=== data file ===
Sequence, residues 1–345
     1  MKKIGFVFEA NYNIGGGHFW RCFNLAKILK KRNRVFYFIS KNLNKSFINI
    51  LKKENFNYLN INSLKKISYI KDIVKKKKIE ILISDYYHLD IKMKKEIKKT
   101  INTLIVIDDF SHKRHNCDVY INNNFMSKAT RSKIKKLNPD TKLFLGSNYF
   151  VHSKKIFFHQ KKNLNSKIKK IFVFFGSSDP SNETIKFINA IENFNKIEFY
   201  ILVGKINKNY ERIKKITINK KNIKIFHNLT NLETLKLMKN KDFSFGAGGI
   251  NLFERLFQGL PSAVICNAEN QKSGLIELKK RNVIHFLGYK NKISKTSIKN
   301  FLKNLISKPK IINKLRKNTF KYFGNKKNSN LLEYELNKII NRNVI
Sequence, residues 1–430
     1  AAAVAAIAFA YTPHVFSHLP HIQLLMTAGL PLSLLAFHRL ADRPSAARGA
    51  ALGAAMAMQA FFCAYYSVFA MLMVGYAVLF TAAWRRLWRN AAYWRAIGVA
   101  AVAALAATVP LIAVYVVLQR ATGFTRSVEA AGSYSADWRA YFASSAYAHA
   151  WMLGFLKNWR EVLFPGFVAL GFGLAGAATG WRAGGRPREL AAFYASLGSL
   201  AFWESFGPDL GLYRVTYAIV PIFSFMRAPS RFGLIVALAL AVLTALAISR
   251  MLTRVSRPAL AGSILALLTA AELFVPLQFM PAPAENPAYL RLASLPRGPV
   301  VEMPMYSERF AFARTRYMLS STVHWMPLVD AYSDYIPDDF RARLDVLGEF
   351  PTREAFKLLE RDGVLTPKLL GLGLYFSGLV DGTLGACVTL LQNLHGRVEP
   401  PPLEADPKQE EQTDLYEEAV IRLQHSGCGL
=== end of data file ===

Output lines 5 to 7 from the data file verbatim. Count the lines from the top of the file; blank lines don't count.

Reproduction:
   151  VHSKKIFFHQ KKNLNSKIKK IFVFFGSSDP SNETIKFINA IENFNKIEFY
   201  ILVGKINKNY ERIKKITINK KNIKIFHNLT NLETLKLMKN KDFSFGAGGI
   251  NLFERLFQGL PSAVICNAEN QKSGLIELKK RNVIHFLGYK NKISKTSIKN